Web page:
If you are like most anglers you probably have a fishing reel that has had the same line on it for a few years now. You might be asking yourself is it time to change the line and how long does fishing line typically last?
In general, most anglers should replace their fishing line at least once per year depending on the type of line they are using and how often they fish. Professional and die hard anglers should change their line every 3 to 6 months while casual anglers can get away with using the same line for a few years. There are many variables that factor into how often a fishing line should be replaced.
In this article, we share exactly when you should change your fishing line, how to identify your line needs to be replaced as well as many more tips and tricks that will help you with your line management.
Let’s get started.
How Long Does Fishing Line Last?
On average, a high-quality fishing line can last between 6 months to 1-5 years. However, some lines may need to be replaced sooner if they show signs of damage, wear, or weakness, while others may last longer if they are well maintained and used infrequently. It’s important to regularly inspect your line and replace it as needed to ensure it is functioning optimally.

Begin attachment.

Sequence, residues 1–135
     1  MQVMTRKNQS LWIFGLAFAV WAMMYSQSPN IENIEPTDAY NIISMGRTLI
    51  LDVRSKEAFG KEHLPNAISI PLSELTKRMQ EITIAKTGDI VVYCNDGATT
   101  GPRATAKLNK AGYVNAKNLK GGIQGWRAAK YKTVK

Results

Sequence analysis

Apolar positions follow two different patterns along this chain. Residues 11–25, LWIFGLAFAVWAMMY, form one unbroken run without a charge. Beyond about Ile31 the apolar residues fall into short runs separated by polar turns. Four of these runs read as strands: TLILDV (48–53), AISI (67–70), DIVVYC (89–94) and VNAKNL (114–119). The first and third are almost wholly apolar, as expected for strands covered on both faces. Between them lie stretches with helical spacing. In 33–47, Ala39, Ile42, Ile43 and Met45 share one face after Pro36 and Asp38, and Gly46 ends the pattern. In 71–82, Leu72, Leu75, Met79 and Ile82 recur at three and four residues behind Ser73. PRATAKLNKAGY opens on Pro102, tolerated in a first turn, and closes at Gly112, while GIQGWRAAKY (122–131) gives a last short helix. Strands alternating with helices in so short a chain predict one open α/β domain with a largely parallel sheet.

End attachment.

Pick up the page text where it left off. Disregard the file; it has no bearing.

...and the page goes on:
Here is the life span you can expect to see out of each type of fishing line:
On average, a high-quality braided fishing line can last for several seasons of fishing, usually between 1-4 years and sometimes even longer. However, the line may need to be replaced sooner if it shows signs of damage, wear, or weakness. It’s important to regularly inspect your line and replace it as needed to ensure it is functioning optimally. Braided fishing line is known for its strength and longevity and will last much longer than other types of fishing line.
In general, a high-quality monofilament fishing line can last for several seasons of fishing, usually between 1-2 years. However, the line may need to be replaced sooner if it shows signs of damage, wear, or weakness. It’s important to regularly inspect your line and replace it as needed to ensure it is functioning optimally. I will typically replace my monofilament line every year depending upon use, wear and tear and exposure to the outdoor elements.